“I wouldn’t say it was a heartfelt apology,” Kathy LeMond told USA TODAY Sports last week. “It was a meeting, and I think he hoped to diffuse us continuing this.”
Greg LeMond, a former Tour de France winner, might testify against Armstrong in the trial in May. Armstrong’s attorneys tried to prevent him from testifying, describing him as a “combustible” witness with nothing relevant to offer. But U.S. District Judge Christopher Cooper disagreed.
Betsy Andreu might also testify in the case, even though Armstrong’s attorneys asked the court to prevent her from testifying and using the case as a “soapbox for impugning Armstrong’s character.” The judge rejected that request.
Andreu, an outspoken critic of Armstrong, had previously testified along with her husband in 2005 about Armstrong’s use of banned drugs. Both since were smeared by the cyclist. A day before the Oprah interview, Armstrong called the Andreus to say he was sorry, but Betsy Andreu said Armstrong refused to meet with her when she tried to see him in person.
“It didn’t take long after Mr. Armstrong’s call that he resorted to his same old tactics of going after my husband and me, publicly as well as privately,” Betsy Andreu told USA TODAY Sports last week. “This time around, however, people see him for the pathological liar he is. I tried to reconcile with him going so far as flying to meet with him in his hometown. When he refused to meet with me after I arrived in Austin, I knew his phone call was nothing more than a show for Oprah. I just wish he would now just leave us alone.”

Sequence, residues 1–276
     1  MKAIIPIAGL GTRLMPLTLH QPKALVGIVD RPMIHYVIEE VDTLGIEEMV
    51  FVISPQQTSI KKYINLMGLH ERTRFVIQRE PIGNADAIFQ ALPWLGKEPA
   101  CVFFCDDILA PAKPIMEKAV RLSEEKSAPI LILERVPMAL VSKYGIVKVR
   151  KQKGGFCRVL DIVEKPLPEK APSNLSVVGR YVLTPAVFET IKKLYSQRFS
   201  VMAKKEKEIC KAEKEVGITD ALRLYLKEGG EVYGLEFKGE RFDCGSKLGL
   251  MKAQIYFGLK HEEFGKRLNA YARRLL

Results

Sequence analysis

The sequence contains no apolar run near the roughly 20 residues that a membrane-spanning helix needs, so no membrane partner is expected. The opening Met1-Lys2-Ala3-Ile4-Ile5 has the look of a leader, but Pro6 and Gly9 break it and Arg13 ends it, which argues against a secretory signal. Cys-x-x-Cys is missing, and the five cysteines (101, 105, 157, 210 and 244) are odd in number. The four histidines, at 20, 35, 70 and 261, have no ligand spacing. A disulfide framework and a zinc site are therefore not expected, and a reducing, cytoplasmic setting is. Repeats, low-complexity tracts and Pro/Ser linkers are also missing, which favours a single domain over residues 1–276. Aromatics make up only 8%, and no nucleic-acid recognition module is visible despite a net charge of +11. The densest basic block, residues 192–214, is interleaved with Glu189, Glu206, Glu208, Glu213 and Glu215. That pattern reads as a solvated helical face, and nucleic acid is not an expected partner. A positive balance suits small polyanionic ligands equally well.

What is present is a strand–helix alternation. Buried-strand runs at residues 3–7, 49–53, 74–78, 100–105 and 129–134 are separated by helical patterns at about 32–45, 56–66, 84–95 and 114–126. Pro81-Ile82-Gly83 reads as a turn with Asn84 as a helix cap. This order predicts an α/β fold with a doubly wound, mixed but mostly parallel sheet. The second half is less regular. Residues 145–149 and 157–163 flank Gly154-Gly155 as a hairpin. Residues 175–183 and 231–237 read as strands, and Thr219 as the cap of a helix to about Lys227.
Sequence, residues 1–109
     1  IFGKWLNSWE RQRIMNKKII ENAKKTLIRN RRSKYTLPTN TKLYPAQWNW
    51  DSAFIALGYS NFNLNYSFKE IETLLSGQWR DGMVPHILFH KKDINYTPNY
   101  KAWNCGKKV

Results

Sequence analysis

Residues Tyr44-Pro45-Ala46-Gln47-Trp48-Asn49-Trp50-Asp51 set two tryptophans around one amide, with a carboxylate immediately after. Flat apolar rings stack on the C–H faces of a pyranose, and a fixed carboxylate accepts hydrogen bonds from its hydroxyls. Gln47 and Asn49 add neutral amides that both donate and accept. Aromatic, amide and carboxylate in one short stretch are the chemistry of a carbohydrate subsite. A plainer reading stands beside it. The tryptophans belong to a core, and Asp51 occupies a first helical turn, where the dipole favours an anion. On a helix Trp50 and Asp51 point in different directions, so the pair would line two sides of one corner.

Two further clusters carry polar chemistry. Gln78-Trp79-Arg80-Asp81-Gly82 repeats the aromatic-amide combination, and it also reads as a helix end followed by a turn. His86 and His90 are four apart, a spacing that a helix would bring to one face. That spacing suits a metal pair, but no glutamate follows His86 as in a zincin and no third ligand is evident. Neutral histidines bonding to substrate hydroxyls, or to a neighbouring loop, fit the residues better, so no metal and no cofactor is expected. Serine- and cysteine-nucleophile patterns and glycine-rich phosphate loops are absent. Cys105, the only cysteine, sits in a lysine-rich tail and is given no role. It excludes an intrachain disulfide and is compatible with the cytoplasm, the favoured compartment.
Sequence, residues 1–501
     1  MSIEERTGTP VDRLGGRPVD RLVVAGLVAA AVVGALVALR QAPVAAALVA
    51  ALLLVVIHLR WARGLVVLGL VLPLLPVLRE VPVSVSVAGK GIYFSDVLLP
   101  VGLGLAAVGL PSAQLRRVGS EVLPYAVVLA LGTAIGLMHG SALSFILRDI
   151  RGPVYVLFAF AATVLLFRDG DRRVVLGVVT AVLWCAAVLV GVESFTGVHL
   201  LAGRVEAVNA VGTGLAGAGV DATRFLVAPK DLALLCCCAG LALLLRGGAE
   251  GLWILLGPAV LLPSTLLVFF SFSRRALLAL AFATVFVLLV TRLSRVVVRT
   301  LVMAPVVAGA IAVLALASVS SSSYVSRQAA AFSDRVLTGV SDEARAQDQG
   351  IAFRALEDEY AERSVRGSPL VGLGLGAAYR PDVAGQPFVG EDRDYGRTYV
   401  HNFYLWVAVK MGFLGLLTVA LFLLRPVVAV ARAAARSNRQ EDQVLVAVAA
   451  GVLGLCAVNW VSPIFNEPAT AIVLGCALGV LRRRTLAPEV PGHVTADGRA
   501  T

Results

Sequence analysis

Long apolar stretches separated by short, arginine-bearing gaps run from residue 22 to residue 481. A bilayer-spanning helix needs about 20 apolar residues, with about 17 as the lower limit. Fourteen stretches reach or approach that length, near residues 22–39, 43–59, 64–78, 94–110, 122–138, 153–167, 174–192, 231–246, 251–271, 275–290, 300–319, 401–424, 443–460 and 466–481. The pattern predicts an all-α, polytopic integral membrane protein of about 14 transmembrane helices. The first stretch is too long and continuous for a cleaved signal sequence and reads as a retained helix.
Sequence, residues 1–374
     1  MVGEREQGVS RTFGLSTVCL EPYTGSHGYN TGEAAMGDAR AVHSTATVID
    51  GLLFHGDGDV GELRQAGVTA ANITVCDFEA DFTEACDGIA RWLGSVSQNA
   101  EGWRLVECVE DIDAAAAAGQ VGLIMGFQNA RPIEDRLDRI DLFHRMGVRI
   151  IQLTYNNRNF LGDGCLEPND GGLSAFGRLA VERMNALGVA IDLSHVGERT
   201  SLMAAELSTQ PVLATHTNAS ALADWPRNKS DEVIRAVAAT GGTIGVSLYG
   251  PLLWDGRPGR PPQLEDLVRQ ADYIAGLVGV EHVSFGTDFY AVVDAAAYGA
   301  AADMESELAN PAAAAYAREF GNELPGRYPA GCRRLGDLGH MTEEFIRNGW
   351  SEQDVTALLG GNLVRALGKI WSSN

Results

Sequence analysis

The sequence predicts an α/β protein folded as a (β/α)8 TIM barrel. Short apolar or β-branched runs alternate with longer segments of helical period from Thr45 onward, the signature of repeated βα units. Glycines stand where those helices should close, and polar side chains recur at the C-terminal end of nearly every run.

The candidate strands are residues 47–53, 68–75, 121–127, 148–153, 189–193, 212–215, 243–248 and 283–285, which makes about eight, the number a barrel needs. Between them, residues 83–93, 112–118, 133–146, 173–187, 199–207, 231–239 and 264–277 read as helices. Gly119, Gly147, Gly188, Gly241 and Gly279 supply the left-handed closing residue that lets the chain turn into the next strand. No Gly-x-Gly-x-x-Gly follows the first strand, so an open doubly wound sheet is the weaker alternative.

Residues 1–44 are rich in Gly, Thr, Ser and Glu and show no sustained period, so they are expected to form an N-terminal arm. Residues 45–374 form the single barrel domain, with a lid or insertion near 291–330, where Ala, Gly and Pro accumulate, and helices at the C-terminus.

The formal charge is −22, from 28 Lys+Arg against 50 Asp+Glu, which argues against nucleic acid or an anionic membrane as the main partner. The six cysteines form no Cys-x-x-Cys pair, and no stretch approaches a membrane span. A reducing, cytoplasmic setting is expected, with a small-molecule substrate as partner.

USA TODAY Sports asked Armstrong for comment on his apologies and other aspects of his life since his confession.
“If this is really the direction you’re going in for any story I have no comment,” he wrote in an e-mail Jan. 12.
In reply, a USA TODAY Sports reporter told Armstrong he wanted his input on what these people have to say about him now.
Armstrong responded: “No comment. And no need to ever contact me again.”
USA TODAY Sports also contacted David Walsh, the Irish journalist who helped expose the Armstrong lie nine years before the confession. Armstrong sued Walsh and The Sunday Times of London for printing an article in 2004 that suggested Armstrong was doping – a case that ended when the Times agreed to pay Armstrong a million pounds.